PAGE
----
The politics of Palestinian legal reform: Judicial independence and accountability under occupation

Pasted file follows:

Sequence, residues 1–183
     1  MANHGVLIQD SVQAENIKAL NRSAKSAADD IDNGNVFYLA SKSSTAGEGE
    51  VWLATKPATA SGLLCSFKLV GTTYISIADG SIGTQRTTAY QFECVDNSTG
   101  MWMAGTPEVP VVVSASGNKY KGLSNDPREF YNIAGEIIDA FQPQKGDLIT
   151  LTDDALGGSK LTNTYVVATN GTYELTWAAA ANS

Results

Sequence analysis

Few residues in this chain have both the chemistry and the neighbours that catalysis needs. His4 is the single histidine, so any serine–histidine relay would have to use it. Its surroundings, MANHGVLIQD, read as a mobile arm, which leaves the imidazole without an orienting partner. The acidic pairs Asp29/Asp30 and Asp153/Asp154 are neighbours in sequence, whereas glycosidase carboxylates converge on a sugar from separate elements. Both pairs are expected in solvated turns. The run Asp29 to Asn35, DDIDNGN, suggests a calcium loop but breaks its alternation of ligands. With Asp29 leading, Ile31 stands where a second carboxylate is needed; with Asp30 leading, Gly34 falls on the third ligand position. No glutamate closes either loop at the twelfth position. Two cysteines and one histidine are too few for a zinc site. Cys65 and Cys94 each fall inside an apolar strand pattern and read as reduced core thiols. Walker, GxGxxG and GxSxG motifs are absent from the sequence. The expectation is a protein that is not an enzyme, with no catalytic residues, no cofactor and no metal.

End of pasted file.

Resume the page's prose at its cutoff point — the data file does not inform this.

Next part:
Following the start of the Oslo Peace Process in the 1990s and the creation of the Palestinian National Authority (PNA), Palestinian politics has been marked by the often arbitrary and violent exercise of power. Although greeted with initial euphoria in many European and American capitals, there was an almost immediate disenchantment among many Palestinians with the Peace Process. In this context, Yasser Arafat, as the head of the newly created PNA, tried to limit opposition through a careful balance between the distribution of resources and harsh coercive measures. This saw a huge growth in the number of people employed by the Palestinian civil service, the vast majority of whom held afﬁliation with Arafat’s Fatah movement. Pressure from Israel and the USA to crack down on Hamas contributed to making the security forces the most prominent aspect of the PNA, and they were frequently used in widescale detention of Palestinians opposed to the Peace Process. Alongside attempts to limit opposition, Arafat was faced with the task of establishing control of the Palestinian Territories after having spent decades in exile. In particular, he tried to retrieve control from the decentralized and institutional forms of politics that had developed in the West Bank and Gaza Strip prior to the PNA, through the simultaneous promotion of patron-client relations and political centralization (Robinson 1997). A combination of weak legitimacy due to the failures of the Peace Process, a powerful security service, an attempt to sideline grassroots activists and the ability to use the language of revolutionary nationalism all resulted in a situation where the PNA ruled through a mixture of authoritarianism and personalism, rather than legal institutions. The USA, Israel and many European states initially encouraged Arafat in his use of coercive measures against the Palestinian population. However, following the start of the second intifada (uprising) in late September 2000 and the collapse of the Oslo Peace Process, the creation of an independent Palestinian judiciary came to be seen as a key factor in the attempts of international donors to produce a more stable and accountable PNA.